I refer to them as “bubble moments”, although I didn’t really name them that. They were sort of adopted under that moniker due to the circumstances that first made me aware of them.
See, most parents I know have kids that are close in age. I can see where that’s a handful; that’s a lot of diapers at one time, a lot of sleep regressions, a lot of everything. But there are some advantages, too. They’re obviously going to be playmates. You kind of get through the rough patches in one big jump. And there’s not as much time in-between ages for you to forget how you parented the last time an issue came up.
I distinctly remember when I brought the bubbles home. Tony was maybe 2 years old, and I had just been tickled pink when I walked into his daycare class and an entire room of 2 year old boys sat enraptured and motionless at the sight of bubbles. It was literally the only time I’d ever seen them all quiet. (And that remains to this day.) So I was SO EXCITED to bring him some bubbles.
I had no sooner opened the cap and put the wand to my lips before Jack, then 9 or so, scolded me, “We don’t blow bubbles in the house, Sarah.”
And he was right. In fact, he was perfectly parroting me and the firm and nonnegotiable rule I’d put into place years ago when Jack tried to blow bubbles inside. It will stain the furniture, I warned him before shooing him outside.
He was totally right. And I realized I have bubble moments.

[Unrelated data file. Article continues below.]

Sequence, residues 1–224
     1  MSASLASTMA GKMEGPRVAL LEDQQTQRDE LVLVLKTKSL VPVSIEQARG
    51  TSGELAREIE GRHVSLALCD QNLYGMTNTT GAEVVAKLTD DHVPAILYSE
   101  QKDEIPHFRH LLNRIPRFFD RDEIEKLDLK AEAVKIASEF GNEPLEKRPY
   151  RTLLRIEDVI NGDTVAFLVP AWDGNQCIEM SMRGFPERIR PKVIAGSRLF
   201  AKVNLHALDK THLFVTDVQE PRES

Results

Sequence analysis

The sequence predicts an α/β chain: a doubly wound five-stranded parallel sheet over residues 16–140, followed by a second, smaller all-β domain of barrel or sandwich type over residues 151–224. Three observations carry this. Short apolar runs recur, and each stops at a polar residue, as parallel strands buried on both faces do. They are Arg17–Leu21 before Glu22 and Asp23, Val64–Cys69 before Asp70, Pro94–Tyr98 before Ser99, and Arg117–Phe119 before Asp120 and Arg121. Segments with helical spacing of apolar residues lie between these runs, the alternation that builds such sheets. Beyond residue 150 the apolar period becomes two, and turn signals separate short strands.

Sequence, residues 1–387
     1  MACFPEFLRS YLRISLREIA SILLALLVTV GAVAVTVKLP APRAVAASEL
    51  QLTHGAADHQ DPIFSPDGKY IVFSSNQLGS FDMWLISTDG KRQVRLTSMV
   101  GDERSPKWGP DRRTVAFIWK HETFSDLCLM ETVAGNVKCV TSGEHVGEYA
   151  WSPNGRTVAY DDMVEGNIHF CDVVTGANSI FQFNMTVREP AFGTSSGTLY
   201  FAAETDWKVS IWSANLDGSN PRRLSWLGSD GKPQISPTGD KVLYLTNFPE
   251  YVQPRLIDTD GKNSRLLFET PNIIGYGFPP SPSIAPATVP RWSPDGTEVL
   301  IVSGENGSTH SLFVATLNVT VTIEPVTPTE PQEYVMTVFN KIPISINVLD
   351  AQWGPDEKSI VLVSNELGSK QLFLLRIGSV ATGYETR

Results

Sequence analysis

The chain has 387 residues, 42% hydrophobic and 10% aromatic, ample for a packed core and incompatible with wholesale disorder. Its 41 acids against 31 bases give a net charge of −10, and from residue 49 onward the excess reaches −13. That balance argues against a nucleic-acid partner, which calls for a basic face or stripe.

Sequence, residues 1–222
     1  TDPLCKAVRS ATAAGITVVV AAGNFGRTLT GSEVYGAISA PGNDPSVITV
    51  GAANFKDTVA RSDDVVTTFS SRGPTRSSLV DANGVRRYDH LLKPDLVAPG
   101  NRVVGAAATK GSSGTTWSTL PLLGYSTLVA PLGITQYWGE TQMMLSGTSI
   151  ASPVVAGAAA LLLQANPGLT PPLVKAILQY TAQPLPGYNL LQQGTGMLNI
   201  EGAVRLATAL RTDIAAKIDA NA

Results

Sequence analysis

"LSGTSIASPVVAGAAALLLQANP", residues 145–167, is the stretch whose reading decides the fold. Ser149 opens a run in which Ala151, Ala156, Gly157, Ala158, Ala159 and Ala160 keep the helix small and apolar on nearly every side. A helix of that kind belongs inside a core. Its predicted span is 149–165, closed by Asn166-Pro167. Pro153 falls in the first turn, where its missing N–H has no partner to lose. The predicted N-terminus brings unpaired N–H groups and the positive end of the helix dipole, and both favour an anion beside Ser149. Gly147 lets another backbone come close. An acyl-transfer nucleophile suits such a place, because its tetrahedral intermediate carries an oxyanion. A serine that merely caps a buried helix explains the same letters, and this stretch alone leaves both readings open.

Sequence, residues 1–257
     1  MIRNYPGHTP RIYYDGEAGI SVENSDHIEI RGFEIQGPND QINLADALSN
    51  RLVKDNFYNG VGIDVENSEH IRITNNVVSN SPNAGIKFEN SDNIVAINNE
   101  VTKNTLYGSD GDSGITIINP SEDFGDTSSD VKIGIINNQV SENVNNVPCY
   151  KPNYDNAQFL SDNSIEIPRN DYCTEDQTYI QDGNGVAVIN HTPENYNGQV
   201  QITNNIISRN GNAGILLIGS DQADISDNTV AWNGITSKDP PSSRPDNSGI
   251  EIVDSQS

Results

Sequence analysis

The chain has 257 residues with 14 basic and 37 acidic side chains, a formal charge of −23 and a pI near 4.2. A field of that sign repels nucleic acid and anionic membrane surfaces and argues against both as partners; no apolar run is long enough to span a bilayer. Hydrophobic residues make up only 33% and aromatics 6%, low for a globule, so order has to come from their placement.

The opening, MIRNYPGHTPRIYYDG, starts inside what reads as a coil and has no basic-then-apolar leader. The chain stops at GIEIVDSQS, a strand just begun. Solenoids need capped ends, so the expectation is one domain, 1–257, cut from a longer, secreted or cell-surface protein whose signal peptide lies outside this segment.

The two kids in my house – seven years apart, one biologically mine and one a child through love – are as alike as brothers can be. They are different in the ways that being raised in two different environments can make them. So I try and limit those Bubble Moments. I try and parent Tony the way I remember parenting Jack.
There are two problems with this philosophy, though: 1) I can’t remember anything and 2) … I can’t even remember what my number two was going to be. Instead, we’ll focus on #1. I can’t remember how I parented Jack. I remember being strict. I remember enforcing routine and structure. Those things came naturally with Tony as well.
Sometimes, the tables turn, though, and I’m forced to have backwards bubble moments. For instance, I’m the parent that found this to be an amazing parenting moment:
Tony – after YEARS of being terrified of Santa, like, to the point that he’d randomly talk about Santa and how he ROARS at you (?!) – agreed this year to have his picture taken with him. But only on one condition, which you see above. I was so proud of Tony overcoming his fear that this picture is framed in my house.
So a couple of weekends ago, Jack asked if he could wear a “disguise” to dinner. Well.. he’s eleven. So I naturally wanted to put the kibosh on that, because .. at some point, you’re too old to wear a costume out of the house, right?
But a backwards bubble moment it was. So I relented.
He said he was going for the Lorax’s evening look, complete with fancy sunglasses, Alabama 2011 Championship hat, and signature mustache. And to his credit, the kid was dedicated to the character. Even though people stared, and stared HARD to the point that even I was uncomfortable, he stuck to the character. Jack is typically our reserved child, not wanting any focused attention on him, so this was fun for me to watch.
I never know where a Bubble Moment will turn up next, but when I can catch it before they pop? Man, they make me realize what awesome boys I have.
Do you have more than one child, and do you have moments like these?